Computer Technology Can Only Help – Not Hurt – Art Historians

Frederic Bazille’s Studio 9 Rue de la Condamine (left) and Norman Rockwell’s Shuffleton’s Barber Shop (right). The computer was able to detect similarities in the composition of both paintings. Yellow circles indicate similar objects, red lines indicate composition, and the blue square represents similar structural elements. Author provided By Dr. Ahmed Elgammal / 12.04.2014 Professor of[…]

How an Art History Class became More Engaging with Twitter

Can Twitter improve students’ engagement with course materials? Lauren Ann JImerson, Author provided By Lauren Jimerson / 09.22.2015 PhD Candidate in Art History Rutgers University When I was a college student, art history courses revolved around a 1960s-era carousel slide projector. Its monotonous humming and clicking in the darkened lecture hall often put my classmates to sleep.[…]

Lecture-Based Pedagogy and the Pitfalls of Expertise

Photo by nerdmeister®, Flickr, Creative Commons By Dr. Kevin Gannon / 01.16.2018 Professor of History Director, Center for Excellence in Teaching and Learning Grand View University Every few months, higher education is witness to a curious ritual where one’s stance on particular pedagogical issues assumes an affect of Calvinist-style salvation or damnation. You can set your[…]

The Conditioning, Cognition, Biology, and Psychology of Learning

Image from The Blue Diamond Gallery / Creative commons Edited by Matthew A. McIntosh / 02.26.2018 Historian Brewminate Editor-in-Chief 1 – Introduction to Learning 1.1 – Defining Learning Learning involves a change in behavior or knowledge that results from experience. 1.1.1 – What is Learning? Learning is an adaptive function by which our nervous system changes[…]

The Study of History and the Rise of Civilization

Creative Commons Edited by Matthew A. McIntosh / 02.12.2018 Historian Editor-in-Chief, Brewminate The Study of History Splitting History How Do We Write History? The word history comes ultimately from Ancient Greek historía, meaning “inquiry,” “knowledge from inquiry,” or “judge.” However, the question of what kind of inquiries historians pose, what knowledge they seek, and how they interpret the[…]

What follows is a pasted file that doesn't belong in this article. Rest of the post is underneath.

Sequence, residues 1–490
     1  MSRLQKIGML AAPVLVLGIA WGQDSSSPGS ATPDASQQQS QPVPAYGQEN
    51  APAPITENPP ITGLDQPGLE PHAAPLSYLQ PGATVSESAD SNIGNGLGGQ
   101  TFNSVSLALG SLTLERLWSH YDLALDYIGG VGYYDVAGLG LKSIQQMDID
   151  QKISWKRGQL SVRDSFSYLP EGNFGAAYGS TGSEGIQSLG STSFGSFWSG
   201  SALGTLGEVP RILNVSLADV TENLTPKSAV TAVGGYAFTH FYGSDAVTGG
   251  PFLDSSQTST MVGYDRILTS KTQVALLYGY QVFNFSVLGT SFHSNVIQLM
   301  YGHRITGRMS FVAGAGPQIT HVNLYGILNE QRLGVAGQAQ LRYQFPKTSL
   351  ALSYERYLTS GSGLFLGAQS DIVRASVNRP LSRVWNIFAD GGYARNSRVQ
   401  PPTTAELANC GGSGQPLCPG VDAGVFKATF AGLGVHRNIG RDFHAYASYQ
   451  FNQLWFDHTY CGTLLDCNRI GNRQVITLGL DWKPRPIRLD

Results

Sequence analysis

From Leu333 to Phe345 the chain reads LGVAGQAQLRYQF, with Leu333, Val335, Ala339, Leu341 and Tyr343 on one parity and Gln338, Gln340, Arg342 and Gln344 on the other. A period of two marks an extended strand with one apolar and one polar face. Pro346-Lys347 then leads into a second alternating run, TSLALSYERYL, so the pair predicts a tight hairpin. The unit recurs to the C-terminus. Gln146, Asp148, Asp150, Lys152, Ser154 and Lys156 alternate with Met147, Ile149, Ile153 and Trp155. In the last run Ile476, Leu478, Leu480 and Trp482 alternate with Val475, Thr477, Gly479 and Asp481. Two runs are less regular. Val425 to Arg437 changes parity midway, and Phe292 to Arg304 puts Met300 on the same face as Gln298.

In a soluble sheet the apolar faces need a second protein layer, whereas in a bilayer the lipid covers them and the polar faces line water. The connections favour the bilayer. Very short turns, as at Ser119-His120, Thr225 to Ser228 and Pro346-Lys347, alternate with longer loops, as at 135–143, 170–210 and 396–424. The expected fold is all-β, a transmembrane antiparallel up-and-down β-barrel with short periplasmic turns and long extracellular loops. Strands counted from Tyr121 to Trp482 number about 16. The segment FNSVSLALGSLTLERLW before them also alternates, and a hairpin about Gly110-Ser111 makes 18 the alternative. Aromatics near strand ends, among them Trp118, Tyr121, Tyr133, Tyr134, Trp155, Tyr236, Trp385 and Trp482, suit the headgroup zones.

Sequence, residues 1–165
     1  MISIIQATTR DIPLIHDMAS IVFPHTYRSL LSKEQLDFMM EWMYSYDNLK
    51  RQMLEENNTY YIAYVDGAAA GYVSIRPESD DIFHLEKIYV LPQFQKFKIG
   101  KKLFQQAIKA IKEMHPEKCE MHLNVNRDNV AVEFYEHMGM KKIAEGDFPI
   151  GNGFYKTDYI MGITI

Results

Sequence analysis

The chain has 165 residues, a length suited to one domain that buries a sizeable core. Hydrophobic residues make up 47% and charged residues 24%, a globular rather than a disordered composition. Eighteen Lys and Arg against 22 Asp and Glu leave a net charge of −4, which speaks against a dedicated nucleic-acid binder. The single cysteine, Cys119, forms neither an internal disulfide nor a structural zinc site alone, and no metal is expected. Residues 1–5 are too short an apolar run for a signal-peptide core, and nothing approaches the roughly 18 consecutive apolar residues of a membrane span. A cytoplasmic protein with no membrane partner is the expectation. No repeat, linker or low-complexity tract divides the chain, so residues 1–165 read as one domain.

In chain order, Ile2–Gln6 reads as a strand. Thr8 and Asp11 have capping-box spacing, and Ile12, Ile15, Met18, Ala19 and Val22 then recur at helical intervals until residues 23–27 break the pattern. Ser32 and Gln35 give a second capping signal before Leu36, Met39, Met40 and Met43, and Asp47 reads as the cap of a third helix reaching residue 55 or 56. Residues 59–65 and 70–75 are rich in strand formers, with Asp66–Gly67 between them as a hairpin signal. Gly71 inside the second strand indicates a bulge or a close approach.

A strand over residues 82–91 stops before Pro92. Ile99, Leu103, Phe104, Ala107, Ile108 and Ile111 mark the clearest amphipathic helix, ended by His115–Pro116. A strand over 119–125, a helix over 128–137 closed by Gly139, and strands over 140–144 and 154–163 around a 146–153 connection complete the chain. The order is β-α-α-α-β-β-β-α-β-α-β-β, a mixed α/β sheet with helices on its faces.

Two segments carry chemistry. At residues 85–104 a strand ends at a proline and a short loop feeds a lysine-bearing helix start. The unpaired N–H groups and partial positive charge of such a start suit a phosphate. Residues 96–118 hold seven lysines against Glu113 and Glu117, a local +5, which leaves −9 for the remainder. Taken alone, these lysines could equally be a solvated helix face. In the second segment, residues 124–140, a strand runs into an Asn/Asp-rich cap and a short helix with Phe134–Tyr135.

Why Science and Engineering Need to Remind Students of Forgotten Lessons from History

Isaac Newton’s portrait. What can students learn from his life? Alessandro Grussu, Creative Commons By Dr. Muhammad H. Zaman / 08.15.2016 HHMI Professor of Biomedical Engineering and International Health Boston University Lately, there has been a lot of discussion highlighting the need for incorporating social sciences in STEM (science, technology, engineering and mathematics) disciplines in order to foster[…]

History is a Process, Not a Pile of Flash Card Facts

History is not just a few facts to be memorized. Greg Wass/Flickr, Creative Commons By Dr. Ben Keppel / 02.26.2015 Associate Professor of History University of Oklahoma The decision of a committee of the Oklahoma legislature, by a vote of 11-4, to stop funding for Advanced Placement History classes is national news. Whether this committee vote will actually[…]

The Enduring Power of Print for Learning in a Digital World

   By Dr. Patricia A. Alexander and Lauren M. Singer Trakhman / 10.03.2017 Alexander: Professor of Psychology Trakhman: PhD Candidate in Educational Psychology University of Maryland Today’s students see themselves as digital natives, the first generation to grow up surrounded by technology like smartphones, tablets and e-readers. Teachers, parents and policymakers certainly acknowledge the growing influence[…]

Historians Want to Put Events in Context. Common Core Doesn’t. That’s a Problem.

Photo by Roxyuru / Wikimedia Commons By Dr. Sandra Stotsky / 12.24.2017 Professor Emerita of Education Reform University of Arkansas For an October 2017 conference sponsored by an affiliate of the California Association of Teachers of English, I was invited to give an informal talk on a chapter in my book, The Death and Resurrection of a Coherent[…]

Early American Historiography at the Dawning of the Age of Aquarius

Photo by Henry Mühlpfordt / Wikimedia Commons By Dr. Mark Boonshoft / 08.26.2017 Assistant Professor of History Norwich University 1966 was a transformative year in popular music. The Beatles released Revolver; Dylan put out Blonde on Blonde; and the Beach Boys dropped Pet Sounds. Even fifty years later, those three albums sit atop many respectable lists of the best all time albums.[…]

Harvard Professor’s PULSUS – Sound as Art